Umarex Fusion CO2 rifle: Part 1
by Tom Gaylord, a.k.a. B.B. Pelletier
One of the perks of visiting the manufacturer is getting to try new airguns. I visited Umarex USA last February to film my parts for this year’s American Airgunner show, and we were also given a tour of the facility in Fort Smith, Arkansas. We got to shoot many airguns and even a couple firearms, but the one gun that wasn’t quite ready was today’s subject gun, the .177-caliber Umarex Fusion CO2 rifle. Sales Director Justin Biddle (JB) told us the gun was going to be incredibly quiet. I really wanted to hear it perform, but it wasn’t going to happen because the gun just wasn’t ready.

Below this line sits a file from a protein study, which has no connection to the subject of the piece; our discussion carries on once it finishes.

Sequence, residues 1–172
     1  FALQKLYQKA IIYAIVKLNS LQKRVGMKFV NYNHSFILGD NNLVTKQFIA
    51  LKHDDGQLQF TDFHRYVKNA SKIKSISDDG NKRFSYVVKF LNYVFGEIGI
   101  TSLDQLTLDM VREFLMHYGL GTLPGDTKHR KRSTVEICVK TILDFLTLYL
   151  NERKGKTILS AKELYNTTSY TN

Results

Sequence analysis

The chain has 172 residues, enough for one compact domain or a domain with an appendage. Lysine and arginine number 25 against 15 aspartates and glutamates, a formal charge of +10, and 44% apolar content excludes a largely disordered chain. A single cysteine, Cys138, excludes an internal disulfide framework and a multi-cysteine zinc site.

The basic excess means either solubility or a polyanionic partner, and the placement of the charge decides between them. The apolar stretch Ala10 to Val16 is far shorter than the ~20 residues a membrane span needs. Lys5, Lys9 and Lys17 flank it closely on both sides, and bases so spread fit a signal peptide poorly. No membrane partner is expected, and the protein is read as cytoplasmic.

Shouting about silence
Well, now I have a Fusion rifle in hand, and I get to test it all I want! I’m testing rifle number 00360129. Like all Fusions, this rifle comes in .177 caliber.
I told JB back in February that Pyramyd Air was very particular about the sound ratings shown with the descriptions on their website because, sometimes, they’re all a customer has to go by when buying an airgun. As the saying goes, “Once burned, twice shy,” so if there’s any question, no sound rating is accepted unless the Pyramyd Air tech team or I get to listen to the discharge of a production gun. We don’t want the customer who may be making his once-every-five-years purchase to be misled!